American Cities Teeter on Brink of Bankruptcy

Left without insurance as of July 1, the Maywood city council decided two weeks ago to lay off nearly all of its employees, disband its police force and pay neighboring Bell to run the city. It's estimated the city will save $164,375 a year. The Los Angeles Sheriff's Department will replace Maywood's police.

"This occurred with less than 30 days notice and getting even an emergency plan contract in place with the Sheriff's Department left us with less than 10 days to disband a police department that had been in service for 86 years," Hauptmann said.

Tucked into the heavily industrial southeast part of Los Angeles County, Maywood is predominantly Latino and densely packed into just 1.2 square miles. Officials estimate about half of the city's residents are illegal immigrants. Critics have blamed the city's woes on what they call the ineptitude of local governments. In May, the California Joint Powers Insurance Authority, a government agency made up of more than 120 cities to share costs, advised Maywood officials to end years of "passive administration."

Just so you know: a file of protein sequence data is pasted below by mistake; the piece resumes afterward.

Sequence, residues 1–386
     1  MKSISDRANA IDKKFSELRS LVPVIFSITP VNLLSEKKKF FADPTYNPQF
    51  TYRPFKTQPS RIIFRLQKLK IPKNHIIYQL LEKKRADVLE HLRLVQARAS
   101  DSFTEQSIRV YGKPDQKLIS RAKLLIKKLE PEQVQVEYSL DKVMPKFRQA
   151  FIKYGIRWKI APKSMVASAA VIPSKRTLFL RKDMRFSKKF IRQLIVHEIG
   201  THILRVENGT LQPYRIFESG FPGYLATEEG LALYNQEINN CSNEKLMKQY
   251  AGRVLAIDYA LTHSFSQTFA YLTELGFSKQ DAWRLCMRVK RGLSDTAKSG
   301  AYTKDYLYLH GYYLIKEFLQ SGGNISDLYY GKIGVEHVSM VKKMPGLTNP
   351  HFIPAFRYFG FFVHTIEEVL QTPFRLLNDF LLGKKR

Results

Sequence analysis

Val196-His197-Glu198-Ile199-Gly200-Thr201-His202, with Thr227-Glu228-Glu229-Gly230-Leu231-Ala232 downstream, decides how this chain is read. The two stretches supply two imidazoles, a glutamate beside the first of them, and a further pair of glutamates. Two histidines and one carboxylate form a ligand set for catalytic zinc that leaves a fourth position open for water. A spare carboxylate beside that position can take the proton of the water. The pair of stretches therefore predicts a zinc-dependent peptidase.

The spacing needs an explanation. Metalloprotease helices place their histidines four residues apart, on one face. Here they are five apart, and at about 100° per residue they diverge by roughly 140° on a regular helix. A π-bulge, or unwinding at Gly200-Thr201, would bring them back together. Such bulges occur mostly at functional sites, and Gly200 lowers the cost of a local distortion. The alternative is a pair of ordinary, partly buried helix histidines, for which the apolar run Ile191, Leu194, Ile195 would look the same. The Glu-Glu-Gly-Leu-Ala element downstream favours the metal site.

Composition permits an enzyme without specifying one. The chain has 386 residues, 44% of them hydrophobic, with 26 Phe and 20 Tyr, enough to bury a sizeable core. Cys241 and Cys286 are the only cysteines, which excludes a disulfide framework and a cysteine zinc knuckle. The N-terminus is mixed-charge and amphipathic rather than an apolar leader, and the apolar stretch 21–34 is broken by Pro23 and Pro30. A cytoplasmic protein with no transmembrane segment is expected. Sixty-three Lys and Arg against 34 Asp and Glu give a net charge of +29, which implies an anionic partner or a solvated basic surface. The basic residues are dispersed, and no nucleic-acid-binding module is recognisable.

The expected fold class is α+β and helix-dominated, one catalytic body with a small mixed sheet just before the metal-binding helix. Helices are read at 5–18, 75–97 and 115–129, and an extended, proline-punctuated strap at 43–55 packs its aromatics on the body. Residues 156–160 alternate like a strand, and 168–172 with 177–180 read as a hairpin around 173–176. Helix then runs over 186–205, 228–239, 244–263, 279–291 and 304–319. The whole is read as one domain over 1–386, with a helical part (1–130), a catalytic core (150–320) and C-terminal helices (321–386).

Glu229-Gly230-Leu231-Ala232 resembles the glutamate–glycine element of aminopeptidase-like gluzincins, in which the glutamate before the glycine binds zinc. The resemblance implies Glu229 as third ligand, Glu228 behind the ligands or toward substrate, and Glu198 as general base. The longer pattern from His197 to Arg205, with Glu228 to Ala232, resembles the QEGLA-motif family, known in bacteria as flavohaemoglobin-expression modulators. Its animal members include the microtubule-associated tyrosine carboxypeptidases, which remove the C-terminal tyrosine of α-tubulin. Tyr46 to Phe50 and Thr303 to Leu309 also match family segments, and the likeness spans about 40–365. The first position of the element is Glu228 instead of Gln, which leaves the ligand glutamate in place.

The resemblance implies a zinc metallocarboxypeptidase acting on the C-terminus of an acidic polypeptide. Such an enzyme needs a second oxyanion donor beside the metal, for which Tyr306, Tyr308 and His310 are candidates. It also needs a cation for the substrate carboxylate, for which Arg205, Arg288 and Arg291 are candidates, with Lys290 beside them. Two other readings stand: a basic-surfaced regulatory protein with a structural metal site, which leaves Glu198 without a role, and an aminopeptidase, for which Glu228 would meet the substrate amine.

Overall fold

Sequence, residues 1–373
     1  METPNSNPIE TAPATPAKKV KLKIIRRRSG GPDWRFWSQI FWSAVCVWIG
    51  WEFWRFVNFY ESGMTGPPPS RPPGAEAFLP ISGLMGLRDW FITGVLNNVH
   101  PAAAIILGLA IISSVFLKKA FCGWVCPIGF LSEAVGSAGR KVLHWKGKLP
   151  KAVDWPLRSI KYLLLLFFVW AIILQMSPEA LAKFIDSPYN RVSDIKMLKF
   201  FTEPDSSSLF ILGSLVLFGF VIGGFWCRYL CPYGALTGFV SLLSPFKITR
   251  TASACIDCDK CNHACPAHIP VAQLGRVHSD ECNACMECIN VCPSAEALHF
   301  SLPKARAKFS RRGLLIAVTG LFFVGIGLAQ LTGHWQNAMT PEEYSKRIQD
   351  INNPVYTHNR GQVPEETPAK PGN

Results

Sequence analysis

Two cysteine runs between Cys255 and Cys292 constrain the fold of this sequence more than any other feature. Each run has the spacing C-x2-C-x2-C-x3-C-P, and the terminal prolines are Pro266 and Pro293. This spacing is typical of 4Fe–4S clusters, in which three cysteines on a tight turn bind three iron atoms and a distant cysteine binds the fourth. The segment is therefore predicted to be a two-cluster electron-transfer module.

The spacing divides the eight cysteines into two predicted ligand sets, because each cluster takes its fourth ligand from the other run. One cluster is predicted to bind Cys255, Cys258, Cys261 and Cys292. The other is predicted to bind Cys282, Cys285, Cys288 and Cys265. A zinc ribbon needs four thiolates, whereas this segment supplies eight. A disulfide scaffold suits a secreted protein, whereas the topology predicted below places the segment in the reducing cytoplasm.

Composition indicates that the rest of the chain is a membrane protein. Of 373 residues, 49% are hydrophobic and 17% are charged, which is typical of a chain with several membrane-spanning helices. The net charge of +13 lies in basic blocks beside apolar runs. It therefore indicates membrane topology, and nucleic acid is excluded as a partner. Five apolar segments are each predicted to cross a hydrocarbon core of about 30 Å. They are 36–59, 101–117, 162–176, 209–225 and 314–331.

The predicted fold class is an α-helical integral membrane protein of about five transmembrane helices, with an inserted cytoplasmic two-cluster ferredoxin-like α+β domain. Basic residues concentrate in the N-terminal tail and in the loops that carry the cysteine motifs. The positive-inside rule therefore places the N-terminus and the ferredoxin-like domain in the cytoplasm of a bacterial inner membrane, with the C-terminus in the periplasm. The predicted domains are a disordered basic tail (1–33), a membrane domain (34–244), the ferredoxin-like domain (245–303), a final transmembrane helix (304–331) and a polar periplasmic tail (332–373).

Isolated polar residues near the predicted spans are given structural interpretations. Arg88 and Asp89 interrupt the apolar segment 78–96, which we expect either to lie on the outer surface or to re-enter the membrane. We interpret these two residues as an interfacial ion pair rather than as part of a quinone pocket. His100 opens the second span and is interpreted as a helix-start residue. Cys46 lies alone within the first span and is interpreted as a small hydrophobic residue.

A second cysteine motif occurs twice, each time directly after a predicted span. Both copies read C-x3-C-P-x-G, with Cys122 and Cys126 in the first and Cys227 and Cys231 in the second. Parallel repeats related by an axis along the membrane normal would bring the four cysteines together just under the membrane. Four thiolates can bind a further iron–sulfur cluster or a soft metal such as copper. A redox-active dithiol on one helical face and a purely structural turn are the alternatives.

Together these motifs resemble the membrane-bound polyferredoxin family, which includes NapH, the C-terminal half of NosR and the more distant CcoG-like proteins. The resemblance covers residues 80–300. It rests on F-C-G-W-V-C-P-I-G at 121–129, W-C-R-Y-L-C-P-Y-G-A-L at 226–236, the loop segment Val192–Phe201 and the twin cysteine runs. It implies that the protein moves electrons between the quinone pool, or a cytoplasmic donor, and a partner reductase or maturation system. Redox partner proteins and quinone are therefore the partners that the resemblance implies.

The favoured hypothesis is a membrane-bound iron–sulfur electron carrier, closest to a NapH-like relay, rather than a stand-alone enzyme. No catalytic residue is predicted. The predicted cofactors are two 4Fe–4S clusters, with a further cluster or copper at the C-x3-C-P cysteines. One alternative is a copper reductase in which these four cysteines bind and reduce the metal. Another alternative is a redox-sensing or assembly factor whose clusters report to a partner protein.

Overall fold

Hauptmann, the police chief, said that at midnight on July 1, his officers will return to police headquarters and hand over Maywood to the Los Angeles County Sheriff's Department. All 911 lines will be transferred to the neighboring jurisdiction.

"You lose your workers comp and general liability insurance and then no one else wants to commercially insure the city because of past decisions that were made that put them in this position," he said. "You can actually lose a police and fire department over something like this. It's probably going to set an example to other communities across the country."

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